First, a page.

by Keith Dunlap
Publication date: June 15, 2016
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Betsy Scholl, author of Otherwise Unseeable and Rough Cradle, has called Keith’s poems “both skeptical and grateful, full of wonder and irony.”
“Storylandis a rich collection of moments, some chiseled and sharp, some sea-smoothed by memory’s constant lapping … And then there’s the music; it’s everywhere, and has filled these poems to overflowing—instruction and delight in one brilliant turn.”
This highly stylized, intelligent and witty debut collection of poems is at times humorous, at times insightful, always fresh and sophisticated.
Keith has been on the poetry scene for years and formerly co-edited first the Columbia Review and then Cutbank while earning his MFA at Montana. He has been a member of the avant-garde theatre group, New York Art Theatre Institute, and his often surprising and quirky points of view result in some delightful turns of phrase that reflect this cutting-edge theatre experience.
“In these poems the imagination does not provide an escape but instead opens up an alternate space…where Dunlap explores our tenuous, ever-shifting connections with the world, the past, the present moment, literature, each other, and ourselves. … Dunlap inhabits the ‘uncertainty that makes the world alive’ and that Keats tells us is necessary for the imagination to thrive. The sensation is sometimes pleasant, sometimes disturbing, and sometimes both at once. The result is a book that ‘reanimates every shimmering shaking detail of the day, creating/ a magnificent invitation.’ I urge you to accept that invitation.”– Jeffrey Harrison, Into Daylight and Incomplete Knowledge.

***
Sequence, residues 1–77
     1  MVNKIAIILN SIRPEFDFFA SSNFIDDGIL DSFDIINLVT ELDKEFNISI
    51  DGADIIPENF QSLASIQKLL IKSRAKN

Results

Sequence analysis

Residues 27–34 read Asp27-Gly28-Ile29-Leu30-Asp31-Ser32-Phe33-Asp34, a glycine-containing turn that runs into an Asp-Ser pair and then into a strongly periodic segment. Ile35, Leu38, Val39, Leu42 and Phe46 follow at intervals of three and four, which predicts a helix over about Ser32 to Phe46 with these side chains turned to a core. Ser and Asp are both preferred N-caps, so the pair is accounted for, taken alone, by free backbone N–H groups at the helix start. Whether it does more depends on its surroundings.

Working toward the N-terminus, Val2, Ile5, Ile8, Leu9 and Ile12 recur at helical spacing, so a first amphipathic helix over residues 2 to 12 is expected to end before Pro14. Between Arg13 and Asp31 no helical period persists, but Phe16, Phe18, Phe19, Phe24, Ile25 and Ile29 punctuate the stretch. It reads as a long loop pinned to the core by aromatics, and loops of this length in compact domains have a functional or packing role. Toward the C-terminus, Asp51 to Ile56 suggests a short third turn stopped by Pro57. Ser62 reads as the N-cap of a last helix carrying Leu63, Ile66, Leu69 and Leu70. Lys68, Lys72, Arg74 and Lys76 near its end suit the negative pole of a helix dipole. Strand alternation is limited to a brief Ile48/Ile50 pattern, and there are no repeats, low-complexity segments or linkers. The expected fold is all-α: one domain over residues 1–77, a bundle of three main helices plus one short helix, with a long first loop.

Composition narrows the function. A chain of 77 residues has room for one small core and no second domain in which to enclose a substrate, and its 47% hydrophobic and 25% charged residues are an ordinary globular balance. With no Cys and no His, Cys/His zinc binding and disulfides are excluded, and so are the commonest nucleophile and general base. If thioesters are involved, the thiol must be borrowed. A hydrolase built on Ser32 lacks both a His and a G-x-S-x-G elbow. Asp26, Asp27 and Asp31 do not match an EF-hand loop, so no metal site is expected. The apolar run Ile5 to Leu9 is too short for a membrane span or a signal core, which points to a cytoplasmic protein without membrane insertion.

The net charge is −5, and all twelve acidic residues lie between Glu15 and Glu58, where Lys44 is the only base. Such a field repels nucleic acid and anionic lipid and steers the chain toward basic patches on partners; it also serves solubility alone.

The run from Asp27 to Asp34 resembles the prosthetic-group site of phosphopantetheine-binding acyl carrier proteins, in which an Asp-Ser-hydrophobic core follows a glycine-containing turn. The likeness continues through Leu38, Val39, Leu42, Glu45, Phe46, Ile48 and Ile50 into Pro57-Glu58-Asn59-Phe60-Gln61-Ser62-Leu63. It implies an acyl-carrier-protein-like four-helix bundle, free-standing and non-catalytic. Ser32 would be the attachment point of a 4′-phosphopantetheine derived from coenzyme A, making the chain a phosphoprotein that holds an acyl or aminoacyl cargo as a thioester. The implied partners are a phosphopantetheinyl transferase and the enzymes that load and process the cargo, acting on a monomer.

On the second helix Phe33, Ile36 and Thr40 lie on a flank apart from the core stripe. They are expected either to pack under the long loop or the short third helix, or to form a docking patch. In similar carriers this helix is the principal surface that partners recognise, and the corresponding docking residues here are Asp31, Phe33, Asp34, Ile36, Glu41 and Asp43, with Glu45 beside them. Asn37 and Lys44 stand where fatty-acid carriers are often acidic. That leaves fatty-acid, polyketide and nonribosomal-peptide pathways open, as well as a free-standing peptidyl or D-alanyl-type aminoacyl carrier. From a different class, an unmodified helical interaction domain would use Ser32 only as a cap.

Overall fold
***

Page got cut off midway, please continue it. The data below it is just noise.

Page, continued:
“Not for the faint-hearted, this book makes the lover of truth leap out of his seat. It’s ‘uncertainty that makes the world alive,’ says one of the poems in Storyland, the same uncertainty that is also the source of our distress. As a student of the ancient classics, particularly the Stoics, Dunlap has no trouble seeing the fictional or unreal aspects of human life. Storyland is a bracing antidote to the allures of personal and national grandiosity. It greatly rewards our need to know ourselves better.”– Roger Mitchell, Lemon Peeled the Moment Before: New and Selected Poems